NORTH PATCHOGUE, NY (OnSachem.com / OnTownMedia.com) — An additional 15 mosquito samples have tested positive for West Nile Virus across Suffolk County, health officials announced early this evening. Closest to the Sachem area, one of the samples from North Patchogue tested positive.
Suffolk County Health Commissioner Dr. Gregson Pigott said the 15 samples, all Culex pipiens-restuans, were collected on July 21 and 22 from Bay Shore, Brentwood, Great River, Huntington Station, Islip, North Patchogue, Stony Brook, and West Babylon.
Bay Shore had six positive samples, and Islip had three. All the other communities each had one test positive among the samples collected.
On July 24, Pigott said two samples tested positive in Bay Shore and Holtsville among samples collected on July 14 and 15. Those positives follow the first sample of the season found in the county, which was also in Bay Shore, on July 9.
West Nile virus was first detected in birds and mosquito samples in Suffolk County in 1999 and again each year thereafter.
The virus is transmitted to humans by the bite of an infected mosquito. Most people infected with West Nile virus will experience mild or no symptoms, but some can develop severe symptoms including high fever, headache, neck stiffness, stupor, disorientation, coma, tremors, convulsions, muscle weakness, vision loss, numbness and paralysis, according to the health department. The symptoms may last several weeks, and neurological effects may be permanent. Individuals, especially those 50 years of age or older, or those with compromised immune systems, who are most at risk, are urged to take precautions to avoid being bitten by mosquitoes.
“The confirmation of West Nile virus in mosquito samples indicates the presence of West Nile virus in the area,” said Pigott. “While there is no cause for undue concern, we advise residents to cooperate with us in our efforts to reduce exposure to West Nile virus and other mosquito-borne diseases.”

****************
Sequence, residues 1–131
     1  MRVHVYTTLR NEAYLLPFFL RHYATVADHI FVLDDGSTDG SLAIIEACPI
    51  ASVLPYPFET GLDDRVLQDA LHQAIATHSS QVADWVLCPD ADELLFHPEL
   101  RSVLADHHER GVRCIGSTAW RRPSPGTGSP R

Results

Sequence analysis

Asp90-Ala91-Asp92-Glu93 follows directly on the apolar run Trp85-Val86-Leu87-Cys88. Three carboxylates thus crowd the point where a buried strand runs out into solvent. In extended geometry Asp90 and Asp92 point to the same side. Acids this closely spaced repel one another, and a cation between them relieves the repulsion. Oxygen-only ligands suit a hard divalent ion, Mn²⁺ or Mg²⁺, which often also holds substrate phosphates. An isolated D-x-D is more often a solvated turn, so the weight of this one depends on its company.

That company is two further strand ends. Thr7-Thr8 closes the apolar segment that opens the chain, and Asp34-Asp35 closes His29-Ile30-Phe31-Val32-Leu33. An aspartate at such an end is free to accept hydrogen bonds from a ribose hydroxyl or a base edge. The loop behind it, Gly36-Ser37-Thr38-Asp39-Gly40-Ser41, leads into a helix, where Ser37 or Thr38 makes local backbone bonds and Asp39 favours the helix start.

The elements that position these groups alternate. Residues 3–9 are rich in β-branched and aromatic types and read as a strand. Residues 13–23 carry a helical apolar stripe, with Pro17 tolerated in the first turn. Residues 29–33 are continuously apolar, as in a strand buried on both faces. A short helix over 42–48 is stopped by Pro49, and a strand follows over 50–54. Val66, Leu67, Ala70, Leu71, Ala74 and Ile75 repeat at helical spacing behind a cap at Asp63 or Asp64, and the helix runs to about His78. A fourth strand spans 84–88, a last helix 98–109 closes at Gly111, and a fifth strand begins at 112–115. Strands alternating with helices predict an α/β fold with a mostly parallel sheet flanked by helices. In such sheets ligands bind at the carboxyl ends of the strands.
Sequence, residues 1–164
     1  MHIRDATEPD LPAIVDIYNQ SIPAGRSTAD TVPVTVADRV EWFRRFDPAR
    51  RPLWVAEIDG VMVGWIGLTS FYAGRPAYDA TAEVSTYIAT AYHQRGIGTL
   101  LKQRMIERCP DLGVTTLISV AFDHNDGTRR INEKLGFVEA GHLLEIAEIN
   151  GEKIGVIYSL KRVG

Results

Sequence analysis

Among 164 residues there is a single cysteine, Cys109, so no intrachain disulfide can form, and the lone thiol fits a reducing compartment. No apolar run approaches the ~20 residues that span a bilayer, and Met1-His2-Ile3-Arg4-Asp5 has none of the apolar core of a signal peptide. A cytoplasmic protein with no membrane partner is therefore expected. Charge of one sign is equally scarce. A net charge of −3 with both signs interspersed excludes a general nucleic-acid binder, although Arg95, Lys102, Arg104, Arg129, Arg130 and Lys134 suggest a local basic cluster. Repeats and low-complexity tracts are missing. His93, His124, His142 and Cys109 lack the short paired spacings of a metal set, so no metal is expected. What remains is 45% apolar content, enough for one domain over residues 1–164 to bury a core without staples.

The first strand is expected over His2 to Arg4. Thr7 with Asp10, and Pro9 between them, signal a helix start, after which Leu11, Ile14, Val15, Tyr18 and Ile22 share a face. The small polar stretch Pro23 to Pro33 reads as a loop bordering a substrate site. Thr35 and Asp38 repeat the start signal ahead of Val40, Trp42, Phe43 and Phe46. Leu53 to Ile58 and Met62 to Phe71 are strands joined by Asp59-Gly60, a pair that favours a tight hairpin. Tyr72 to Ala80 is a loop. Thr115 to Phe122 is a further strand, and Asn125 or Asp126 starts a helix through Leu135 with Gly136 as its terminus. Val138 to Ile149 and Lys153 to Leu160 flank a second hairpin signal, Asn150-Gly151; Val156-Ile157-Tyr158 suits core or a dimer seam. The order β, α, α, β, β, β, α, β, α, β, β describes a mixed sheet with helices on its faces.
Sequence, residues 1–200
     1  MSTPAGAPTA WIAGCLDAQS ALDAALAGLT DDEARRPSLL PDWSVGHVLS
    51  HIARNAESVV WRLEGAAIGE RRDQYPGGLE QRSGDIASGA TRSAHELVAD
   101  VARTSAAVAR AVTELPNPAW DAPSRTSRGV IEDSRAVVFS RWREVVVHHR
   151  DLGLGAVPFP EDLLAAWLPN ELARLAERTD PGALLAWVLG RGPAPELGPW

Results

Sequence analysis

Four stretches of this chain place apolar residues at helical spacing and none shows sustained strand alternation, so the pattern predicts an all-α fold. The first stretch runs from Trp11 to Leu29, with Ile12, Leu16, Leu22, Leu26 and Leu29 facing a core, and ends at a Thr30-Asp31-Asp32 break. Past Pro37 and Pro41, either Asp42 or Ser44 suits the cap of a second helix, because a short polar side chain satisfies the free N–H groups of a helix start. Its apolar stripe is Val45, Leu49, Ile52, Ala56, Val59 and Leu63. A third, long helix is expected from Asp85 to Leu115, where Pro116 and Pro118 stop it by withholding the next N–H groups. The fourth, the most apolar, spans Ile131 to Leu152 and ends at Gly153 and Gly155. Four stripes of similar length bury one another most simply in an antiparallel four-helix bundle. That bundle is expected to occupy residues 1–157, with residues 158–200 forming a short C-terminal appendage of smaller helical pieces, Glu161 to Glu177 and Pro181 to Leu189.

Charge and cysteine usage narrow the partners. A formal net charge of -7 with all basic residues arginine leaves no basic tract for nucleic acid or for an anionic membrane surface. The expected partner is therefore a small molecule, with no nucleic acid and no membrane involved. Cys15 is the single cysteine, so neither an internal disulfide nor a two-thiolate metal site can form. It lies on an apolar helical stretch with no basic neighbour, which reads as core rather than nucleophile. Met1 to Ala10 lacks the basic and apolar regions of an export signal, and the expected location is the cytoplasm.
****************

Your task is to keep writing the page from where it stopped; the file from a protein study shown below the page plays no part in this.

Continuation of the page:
Pigott offers the following tips to avoid mosquito bites:
• Minimize outdoor activities between dusk and dawn.
• Wear shoes and socks, long pants and long-sleeved shirts when mosquitoes are active.
• Use mosquito repellent, following label directions carefully.
• Make sure all windows and doors have screens, and that all screens are in good repair.
• Keep mosquitoes from laying eggs inside and outside of your home. Once a week, empty and scrub containers that hold water, such as vases, pet water bowls, flowerpot saucers, discarded tires, buckets, pool covers, birdbaths, trash cans, and rain barrels.
Dead birds may indicate the presence of West Nile virus in the area. To report dead birds, call the Bureau of Public Health Protection at 631-852-5999 from 9 a.m. to 4 p.m., Monday through Friday. Residents are encouraged to take a photograph of any bird in question.
To report mosquito problems or stagnant pools of water, call the Department of Public Works’ Vector Control Division at 631-852-4270.
For further information on West Nile virus, visit the Department of Health Services’ website.